I think what Obama’s election is preventing is the kind of large protest UPFJ mobilized under Bush, huge crowds of people gathering on the mall in DC, chanting and holding up signs for a few hours, then going back home. But so what? Those protests marches were useless, boring, and demoralizing.

    Once you find a way to break the “Miami model” and have a series of very militant, unpermitted marches in the big cities, young people will come out to them.

  14. Speaking of Obama’s base, I snatched this from the comments section of my local newspaper’s website. The paper is very sympathetic to the Teabagger movement and will publicize any rally, however small.


    That’s funny neonrat. I thought you were a liberal and these trials are supposed to be an example of the “rule of law”. Hang him in Times Square, huh? Presumption of Iinnocence????

    This is a SHOW TRIAL. BO talks about the “rule of law” and then has 5 tried in federal court in NY, another 5 before a military tribunal and says they will be “found guilty”. So much for the rule of law. You liberals are really deranged. Oh, and the NYPD wants a minimum of $70 million for this trial in NY. Thousands of families could be saved from eviction with this kind of money.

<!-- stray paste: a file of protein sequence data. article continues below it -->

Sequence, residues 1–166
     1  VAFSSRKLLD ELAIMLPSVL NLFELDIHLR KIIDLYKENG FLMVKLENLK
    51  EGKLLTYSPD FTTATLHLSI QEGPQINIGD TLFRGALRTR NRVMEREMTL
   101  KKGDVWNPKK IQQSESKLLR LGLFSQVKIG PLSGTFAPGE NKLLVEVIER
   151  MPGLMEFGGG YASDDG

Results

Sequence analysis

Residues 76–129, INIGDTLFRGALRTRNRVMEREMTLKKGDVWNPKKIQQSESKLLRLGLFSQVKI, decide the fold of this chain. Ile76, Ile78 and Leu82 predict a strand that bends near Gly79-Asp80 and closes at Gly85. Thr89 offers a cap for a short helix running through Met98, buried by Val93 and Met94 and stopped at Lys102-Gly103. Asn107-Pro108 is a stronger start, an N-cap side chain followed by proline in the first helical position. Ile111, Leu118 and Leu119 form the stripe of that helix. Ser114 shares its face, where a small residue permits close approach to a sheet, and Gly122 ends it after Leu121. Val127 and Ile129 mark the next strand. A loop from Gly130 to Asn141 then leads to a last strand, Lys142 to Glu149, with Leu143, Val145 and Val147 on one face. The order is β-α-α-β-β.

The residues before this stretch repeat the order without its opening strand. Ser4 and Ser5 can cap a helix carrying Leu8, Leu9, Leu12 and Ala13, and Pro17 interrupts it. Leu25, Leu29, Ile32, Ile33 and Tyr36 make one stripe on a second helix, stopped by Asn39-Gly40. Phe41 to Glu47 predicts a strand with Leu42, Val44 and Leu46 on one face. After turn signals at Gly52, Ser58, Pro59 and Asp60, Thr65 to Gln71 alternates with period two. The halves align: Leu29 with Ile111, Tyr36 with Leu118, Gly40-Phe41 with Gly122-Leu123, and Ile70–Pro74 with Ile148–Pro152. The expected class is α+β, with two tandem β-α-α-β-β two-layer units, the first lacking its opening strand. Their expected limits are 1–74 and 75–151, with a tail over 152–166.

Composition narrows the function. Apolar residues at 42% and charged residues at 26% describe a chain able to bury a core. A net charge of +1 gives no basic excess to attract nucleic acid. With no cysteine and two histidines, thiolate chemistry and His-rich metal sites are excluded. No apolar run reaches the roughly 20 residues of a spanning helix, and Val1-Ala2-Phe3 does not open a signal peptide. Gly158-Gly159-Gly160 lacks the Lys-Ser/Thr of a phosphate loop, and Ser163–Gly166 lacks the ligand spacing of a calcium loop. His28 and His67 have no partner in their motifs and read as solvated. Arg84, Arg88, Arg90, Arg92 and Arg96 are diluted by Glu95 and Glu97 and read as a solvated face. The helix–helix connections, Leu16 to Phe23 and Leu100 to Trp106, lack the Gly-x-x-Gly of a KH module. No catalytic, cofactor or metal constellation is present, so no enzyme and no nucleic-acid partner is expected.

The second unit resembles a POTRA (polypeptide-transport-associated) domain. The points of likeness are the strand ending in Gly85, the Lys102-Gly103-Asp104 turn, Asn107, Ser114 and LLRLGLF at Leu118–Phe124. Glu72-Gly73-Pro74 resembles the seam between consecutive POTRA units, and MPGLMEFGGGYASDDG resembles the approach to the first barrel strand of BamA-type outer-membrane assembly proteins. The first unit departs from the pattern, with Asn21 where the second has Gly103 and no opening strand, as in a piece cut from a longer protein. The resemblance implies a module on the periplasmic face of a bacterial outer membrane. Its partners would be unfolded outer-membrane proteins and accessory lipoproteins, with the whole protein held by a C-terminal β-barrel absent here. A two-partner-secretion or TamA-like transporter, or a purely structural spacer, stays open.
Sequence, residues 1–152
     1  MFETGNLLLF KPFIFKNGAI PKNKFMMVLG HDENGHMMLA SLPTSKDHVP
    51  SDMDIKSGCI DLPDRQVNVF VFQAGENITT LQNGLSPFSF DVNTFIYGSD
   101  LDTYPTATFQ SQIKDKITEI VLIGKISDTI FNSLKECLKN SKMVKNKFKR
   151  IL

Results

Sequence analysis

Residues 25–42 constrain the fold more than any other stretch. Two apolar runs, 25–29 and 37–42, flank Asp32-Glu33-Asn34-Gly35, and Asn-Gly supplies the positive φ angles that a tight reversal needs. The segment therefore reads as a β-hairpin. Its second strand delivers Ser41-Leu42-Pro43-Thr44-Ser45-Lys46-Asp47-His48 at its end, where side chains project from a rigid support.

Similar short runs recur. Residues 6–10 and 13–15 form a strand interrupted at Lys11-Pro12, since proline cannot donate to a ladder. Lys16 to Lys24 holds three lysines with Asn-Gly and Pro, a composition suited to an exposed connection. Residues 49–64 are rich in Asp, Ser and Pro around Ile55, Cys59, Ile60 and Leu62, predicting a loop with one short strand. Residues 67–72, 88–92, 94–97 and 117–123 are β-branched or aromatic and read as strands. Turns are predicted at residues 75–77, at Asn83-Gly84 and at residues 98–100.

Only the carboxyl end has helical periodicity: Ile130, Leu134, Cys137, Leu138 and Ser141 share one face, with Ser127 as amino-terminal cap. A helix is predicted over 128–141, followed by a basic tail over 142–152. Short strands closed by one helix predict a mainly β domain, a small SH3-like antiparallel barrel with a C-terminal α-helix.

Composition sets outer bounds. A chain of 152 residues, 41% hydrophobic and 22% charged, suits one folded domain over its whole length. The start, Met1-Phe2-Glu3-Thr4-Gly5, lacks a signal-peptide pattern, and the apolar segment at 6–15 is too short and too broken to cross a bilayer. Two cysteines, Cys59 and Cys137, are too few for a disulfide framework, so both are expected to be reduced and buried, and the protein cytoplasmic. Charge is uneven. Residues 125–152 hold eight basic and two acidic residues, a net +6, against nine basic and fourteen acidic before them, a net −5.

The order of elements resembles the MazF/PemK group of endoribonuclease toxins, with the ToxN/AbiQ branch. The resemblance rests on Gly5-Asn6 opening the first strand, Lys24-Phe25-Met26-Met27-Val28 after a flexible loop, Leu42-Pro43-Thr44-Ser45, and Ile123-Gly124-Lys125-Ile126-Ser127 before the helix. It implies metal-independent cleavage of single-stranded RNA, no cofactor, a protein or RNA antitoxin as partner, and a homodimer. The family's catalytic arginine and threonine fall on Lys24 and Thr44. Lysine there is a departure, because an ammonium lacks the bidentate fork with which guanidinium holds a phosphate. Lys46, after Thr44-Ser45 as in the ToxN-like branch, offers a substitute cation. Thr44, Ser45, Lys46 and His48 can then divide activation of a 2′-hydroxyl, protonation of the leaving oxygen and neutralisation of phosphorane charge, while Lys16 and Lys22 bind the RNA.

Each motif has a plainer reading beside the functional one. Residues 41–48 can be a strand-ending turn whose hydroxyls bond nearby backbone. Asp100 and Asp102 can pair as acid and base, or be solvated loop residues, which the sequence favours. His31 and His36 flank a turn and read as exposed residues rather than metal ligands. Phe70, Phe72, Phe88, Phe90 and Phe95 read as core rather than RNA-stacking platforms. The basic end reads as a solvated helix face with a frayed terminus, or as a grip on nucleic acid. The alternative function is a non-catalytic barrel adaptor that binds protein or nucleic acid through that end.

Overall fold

BO is a disgrace. This is what happens when you elect a POTUS who culturally isn’t even an American. Lying scum traitor, that’s what he is.

    But what do you make of someone like this? Is this guy right wing? Left wing? Or just a typically confused American?

    How do you reach these kinds of people, people who hate Obama because he’s black but also seem to be made uncomfortable by show trials and permanent war?

  15. lunita said

    why do we want to waste our time reaching racists? there are enough progressives out there whose heart is in the right place yet who do not see — or want to see– the class based nature of what obama represents, why should we waste our time winning over reactionaries? when push comes to shove, the masses will take care of them.

  16. Dave said

    I doubt very much that the racist Stan quoted cared much about “Presumption of Iinnocence” when Bush was president. I agree with Lunita – it is a complete waste of time to attempt to “reach” such people. Their thinking is fundamentally non-rational, and attempting to analyze it along rational lines is an exercise in futility.

  17. He confuses the c#@@#P out of me, at first he said that bush was evil and we should stop the war, now he sends troops ?